KUALA LUMPUR — Malaysia will immediately release 125 people held under a tough security law, Prime Minister Najib Razak said Wednesday as he pressed a pre-election drive to improve civil liberties.
Najib, who is widely tipped to call snap polls soon, last month unexpectedly announced plans to scrap a range of decades-old draconian laws long criticised as oppressive and outdated.
The moves come as Najib tries to boost his United Malays National Organisation's uncertain re-election hopes three months after police used tear gas and water cannon to crush a street rally calling for electoral reform.
He told parliament's lower house that curbs imposed by the Restricted Residence Act -- which allows police to banish criminal suspects to remote areas and restrict their movements -- would be lifted at once.
"I hereby announce that the Home Ministry will free all 125 individuals being held under the Restricted Residence Act with immediate effect," he said.
More than 200 unserved warrants issued under the act also would be quashed.
Najib introduced a motion on Monday to repeal the law along with another that allows banishment of non-Malaysians from the country.
They marked the first steps in Najib's vow to repeal or soften authoritarian laws headed by the notorious Internal Security Act (ISA), which allows detention without trial and has been used against government opponents.
Government officials have said the ISA repeal would get under way next year.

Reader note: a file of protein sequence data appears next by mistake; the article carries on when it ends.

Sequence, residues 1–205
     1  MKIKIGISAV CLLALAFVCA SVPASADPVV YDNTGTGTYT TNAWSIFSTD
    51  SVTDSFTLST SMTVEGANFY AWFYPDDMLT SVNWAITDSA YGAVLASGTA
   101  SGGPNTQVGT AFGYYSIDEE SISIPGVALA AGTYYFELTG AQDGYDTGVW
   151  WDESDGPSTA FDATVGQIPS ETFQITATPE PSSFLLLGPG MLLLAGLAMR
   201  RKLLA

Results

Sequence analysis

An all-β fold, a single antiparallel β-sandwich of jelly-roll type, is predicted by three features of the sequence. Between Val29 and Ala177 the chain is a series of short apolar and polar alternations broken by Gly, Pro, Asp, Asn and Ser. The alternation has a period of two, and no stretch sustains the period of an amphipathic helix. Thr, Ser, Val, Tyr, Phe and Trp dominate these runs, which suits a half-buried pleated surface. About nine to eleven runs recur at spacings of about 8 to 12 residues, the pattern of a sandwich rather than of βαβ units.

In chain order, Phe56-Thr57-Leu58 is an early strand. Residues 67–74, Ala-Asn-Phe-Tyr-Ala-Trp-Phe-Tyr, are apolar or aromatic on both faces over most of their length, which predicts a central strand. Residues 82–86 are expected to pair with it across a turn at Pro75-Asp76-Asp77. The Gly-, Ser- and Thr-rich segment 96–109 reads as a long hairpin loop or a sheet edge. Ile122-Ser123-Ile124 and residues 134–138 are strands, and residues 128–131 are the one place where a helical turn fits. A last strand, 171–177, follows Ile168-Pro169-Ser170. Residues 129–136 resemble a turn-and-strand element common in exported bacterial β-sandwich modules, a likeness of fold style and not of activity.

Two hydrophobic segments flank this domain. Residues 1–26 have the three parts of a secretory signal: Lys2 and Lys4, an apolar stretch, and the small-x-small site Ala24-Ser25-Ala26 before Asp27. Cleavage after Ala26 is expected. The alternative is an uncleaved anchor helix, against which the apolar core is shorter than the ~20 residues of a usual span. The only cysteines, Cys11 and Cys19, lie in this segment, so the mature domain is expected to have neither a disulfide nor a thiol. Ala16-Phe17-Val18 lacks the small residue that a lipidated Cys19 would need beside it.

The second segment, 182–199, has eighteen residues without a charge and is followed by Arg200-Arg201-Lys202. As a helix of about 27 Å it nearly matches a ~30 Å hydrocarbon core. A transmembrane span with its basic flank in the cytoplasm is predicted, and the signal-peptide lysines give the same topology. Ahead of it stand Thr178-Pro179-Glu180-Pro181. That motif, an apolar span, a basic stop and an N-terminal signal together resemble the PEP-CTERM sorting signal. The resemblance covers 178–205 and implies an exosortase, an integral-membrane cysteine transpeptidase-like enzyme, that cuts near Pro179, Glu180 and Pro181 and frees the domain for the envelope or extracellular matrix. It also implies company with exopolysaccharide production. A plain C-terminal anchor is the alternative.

Najib said his government was committed to a system in which punishment "must be based on the directive of a court". Neither the ISA, residence or banishment acts are subject to court oversight.
The ethnic Malay-dominated governing coalition now headed by Najib that has ruled Malaysia since its 1957 independence has employed a range of tough laws to maintain order in the Muslim-majority but multi-racial country.
But the laws have sparked growing condemnation by critics who call them inhumane and prone to government abuse to stifle legitimate dissent.
While welcoming the release of the 125 suspects, veteran opposition lawmaker Lim Kit Siang said proof of the government's commitment to change will be seen in how the repeal of tougher laws like the ISA is handled.
"The question remains as to whether they will really abolish the ISA and other laws that impinge on civil liberties and the freedoms of speech and assembly, and whether the replacement laws will be any better," he told AFP.
Najib has said the ISA would be replaced by new, albeit less restrictive, laws.
Government officials say most of those targeted by the residence act were suspected of vice offences and lesser crimes and were not serious security threats.
Parliament was expected to easily pass the repeals of both the residence and banishment acts.
Najib is required to call new polls by early 2013 but is widely expected to call them sooner. The opposition alliance is fractured yet potent and achieved historic gains in 2008 parliamentary polls.
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